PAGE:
Densho Digital Archive
Densho Visual History Collection
Title: Tom Akashi Interview
Narrator: Tom Akashi
Interviewers: Tom Ikeda (primary); Chizu Omori (secondary)
Location: Klamath Falls, Oregon
Date: July 3, 2004
Densho ID: denshovh-atom-01-0037

<Begin Segment 37>

TI: And so what was the family like, family life like after your father leaving? You said you were closer, did things quiet down? Or I -- here's a question: the leadership of the Hokoku Dan and Hoshi Dan were gone, now. What happened to the organizations?

TA: What happened to the organization? They did a divide-and-conquer method. What they did is they came and they just rounded up all the leaders and eventually, between January and about, was it... maybe June, about 1,500 were picked up and moved away to Santa Fe or Bismarck. So all the leadership was gone, the organization was really, actually, dying. Membership was, people didn't want to be part of it, they left, Best had a ruling that if all the bugle-blowing and all that, was against regulation, and he even locked up kids. Sixteen-, fifteen-years-old, buglers, buddies of mine, and put 'em in the stockade. Now, a lot of people says, the stockade disappeared, but the stockade reappeared. Because there were people that age being placed in the stockade.

CO: So something like a stockade...

TA: Something like a stockade, yeah. And what was the violation? Because we went out there and blew the bugle? But anyhow, we were in violation of that type of activity, and so by then, like, I quit the bugle corps, because they said that the parents would be responsible, and they would arrest not only the bugler, but the parents, and I didn't want to jeopardize my mother, so I quit. Same way with a lot of other people, we quit. The organization, essentially, was defunct.

CO: Now, that panic where so many people signed the renunciation papers and stuff, that must have been taking place sometime in this time period.

TA: All right. What happened is that this was the time period in between, after, after about January, when, I think about December, as I remember, December, they, they withdrew the exclusion law, and they allowed loyals to go out, but those people who were "disloyal," considered to be disloyal, would be put on the stop-list. And those people who volunteered for Japan would be placed on the stop-list. So that, all of a sudden, they're telling the so-called fence-sitters, or these people who are loyal, that, "Hey, you're gonna have to leave, because the camp was, Tule Lake was closing. It's gonna close within a year. So you guys better get ready to go out." And these people, all of a sudden, they says, "Wait a minute. We don't want to go out. We want to stay. We want to stay in the security of the camp." So all of a sudden, there was a whole avalanche of people renouncing their citizenship.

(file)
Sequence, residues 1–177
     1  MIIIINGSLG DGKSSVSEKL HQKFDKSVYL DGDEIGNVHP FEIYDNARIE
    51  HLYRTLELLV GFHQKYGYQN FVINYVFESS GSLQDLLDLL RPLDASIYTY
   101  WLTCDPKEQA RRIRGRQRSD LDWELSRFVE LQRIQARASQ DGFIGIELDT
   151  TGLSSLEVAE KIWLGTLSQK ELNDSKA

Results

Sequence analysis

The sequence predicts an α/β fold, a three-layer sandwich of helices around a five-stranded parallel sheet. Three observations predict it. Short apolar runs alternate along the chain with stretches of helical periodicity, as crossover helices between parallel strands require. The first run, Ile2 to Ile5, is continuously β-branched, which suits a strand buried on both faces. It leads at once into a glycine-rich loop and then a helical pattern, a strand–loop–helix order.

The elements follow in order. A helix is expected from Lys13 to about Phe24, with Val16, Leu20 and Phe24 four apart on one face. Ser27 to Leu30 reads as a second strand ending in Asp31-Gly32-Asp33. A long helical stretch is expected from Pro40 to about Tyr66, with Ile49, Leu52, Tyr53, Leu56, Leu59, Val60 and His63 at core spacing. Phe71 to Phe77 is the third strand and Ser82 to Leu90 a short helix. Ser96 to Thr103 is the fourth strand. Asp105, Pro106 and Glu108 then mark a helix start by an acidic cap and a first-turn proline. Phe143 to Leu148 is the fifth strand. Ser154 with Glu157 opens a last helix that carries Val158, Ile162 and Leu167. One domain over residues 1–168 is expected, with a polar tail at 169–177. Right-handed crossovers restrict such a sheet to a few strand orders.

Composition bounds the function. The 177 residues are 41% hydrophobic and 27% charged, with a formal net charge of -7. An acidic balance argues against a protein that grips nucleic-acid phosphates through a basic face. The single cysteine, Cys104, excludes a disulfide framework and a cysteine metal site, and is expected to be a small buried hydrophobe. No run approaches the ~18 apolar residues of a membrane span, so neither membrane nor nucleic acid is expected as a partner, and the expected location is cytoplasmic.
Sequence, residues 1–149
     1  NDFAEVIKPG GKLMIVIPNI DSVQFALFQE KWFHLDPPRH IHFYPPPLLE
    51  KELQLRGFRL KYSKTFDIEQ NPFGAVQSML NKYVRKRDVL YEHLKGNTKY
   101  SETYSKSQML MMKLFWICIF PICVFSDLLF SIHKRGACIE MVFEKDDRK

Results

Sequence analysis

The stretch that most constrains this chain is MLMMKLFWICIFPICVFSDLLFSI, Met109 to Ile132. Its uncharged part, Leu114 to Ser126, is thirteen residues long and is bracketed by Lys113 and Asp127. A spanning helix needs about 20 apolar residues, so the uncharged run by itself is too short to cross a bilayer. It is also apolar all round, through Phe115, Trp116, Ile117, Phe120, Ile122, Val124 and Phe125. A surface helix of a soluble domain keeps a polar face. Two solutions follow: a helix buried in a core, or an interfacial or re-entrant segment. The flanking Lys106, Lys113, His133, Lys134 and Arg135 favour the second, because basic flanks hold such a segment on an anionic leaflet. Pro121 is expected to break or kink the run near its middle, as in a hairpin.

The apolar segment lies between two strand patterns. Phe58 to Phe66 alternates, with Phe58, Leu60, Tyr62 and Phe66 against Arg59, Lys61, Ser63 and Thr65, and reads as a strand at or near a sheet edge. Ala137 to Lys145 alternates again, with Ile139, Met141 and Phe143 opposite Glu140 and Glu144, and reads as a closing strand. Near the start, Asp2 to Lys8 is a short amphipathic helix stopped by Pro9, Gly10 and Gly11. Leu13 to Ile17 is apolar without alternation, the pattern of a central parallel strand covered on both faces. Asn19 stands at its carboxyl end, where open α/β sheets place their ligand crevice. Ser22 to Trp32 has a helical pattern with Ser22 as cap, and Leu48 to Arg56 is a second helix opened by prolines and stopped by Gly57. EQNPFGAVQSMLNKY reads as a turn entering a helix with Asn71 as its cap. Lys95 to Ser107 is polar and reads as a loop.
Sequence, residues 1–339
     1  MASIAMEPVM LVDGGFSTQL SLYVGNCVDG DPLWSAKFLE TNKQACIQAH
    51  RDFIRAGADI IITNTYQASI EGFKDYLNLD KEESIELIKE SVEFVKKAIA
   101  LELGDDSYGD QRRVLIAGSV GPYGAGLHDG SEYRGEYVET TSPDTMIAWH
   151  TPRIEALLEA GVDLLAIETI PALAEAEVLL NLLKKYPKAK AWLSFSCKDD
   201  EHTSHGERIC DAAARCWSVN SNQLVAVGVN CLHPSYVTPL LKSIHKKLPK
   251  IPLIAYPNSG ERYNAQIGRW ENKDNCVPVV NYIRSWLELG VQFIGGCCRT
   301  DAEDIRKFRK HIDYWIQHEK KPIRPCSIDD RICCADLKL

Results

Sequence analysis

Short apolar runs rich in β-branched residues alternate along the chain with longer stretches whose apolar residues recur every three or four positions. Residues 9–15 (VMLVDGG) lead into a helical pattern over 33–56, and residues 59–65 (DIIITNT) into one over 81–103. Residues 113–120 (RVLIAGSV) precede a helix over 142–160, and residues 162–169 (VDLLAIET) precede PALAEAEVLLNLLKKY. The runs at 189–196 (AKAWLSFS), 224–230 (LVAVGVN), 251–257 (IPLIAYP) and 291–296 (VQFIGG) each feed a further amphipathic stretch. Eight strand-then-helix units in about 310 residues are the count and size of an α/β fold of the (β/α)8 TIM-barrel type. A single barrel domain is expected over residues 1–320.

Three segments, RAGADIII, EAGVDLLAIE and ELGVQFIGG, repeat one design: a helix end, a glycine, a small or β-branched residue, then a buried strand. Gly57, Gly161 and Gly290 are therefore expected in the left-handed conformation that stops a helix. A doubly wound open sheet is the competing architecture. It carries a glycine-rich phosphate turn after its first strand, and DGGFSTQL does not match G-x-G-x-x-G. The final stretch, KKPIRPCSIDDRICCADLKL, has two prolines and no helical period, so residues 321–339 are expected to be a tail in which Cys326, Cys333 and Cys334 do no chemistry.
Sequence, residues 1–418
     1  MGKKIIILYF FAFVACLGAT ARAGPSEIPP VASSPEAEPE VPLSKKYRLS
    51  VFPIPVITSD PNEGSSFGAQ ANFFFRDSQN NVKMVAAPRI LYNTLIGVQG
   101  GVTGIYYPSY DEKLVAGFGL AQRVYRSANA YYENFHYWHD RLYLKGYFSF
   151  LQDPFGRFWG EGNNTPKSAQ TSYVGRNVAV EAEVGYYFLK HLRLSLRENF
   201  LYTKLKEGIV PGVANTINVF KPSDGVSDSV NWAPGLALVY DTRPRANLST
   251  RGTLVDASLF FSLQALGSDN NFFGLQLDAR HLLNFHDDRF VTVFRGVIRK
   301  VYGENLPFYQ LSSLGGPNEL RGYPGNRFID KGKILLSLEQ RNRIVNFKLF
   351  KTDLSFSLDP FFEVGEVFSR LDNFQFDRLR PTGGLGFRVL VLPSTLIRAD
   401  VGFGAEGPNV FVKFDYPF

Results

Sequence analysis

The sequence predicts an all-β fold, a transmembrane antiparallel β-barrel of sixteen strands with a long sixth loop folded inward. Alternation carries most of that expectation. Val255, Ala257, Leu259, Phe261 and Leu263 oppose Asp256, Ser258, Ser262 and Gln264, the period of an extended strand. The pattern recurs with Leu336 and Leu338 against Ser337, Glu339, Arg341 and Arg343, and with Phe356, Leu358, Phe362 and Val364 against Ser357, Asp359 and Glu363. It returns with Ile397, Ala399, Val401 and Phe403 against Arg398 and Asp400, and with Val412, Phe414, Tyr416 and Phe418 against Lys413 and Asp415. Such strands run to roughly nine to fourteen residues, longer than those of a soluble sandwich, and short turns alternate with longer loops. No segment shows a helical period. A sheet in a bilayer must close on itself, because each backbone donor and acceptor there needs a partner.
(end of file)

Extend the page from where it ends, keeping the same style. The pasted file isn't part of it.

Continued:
TI: So that's so interesting. So they, they, so there were just a few people, maybe a few hundred, who signed originally, but it was the, the announcement that, that people were going to be kicked out of camp, and people who were just so unsure of what's out there, are frightened, probably, if they signed they would at least know they'd go to Japan.

TA: Yeah.

TI: And so they, so literally thousands of people signed.

TA: Some, yeah, very telling, because they were all last, the Department of Justice underestimated the number of people that were gonna renounce. They just thought that it was not, going to be a very few number that's gonna renounce, but all of a sudden, they were, boom, they got bombarded.

TI: But it's interesting to realize that many people signed it not so much that they wanted to go, that they were disloyal, it was just the uncertainty. They were just...

TA: There was many reasons for, for renouncing. To keep the family together, really resenting the fact that their Constitution rights were, were taken away from them. "They didn't treat us as Americans." "We're not United States citizens, we're non..." abuses. They were against that. And then, also, people worried that, "Hey, if we go outside, where are we going? No home, no job, no skills, what are we going to do?" And then there was that hostile environment, they were getting, we were getting reports that people that moved, they were getting shot at. They were getting, houses being burned. And that was, they were scared. Uncertainty, scared, some of 'em had sons in the army, and they said, "Well, they're little kids. What are we gonna do?" So it was a mixed bag of reasons why they did, but it occurred because of that announcement.

<End Segment 37> - Copyright © 2004 Densho. All Rights Reserved.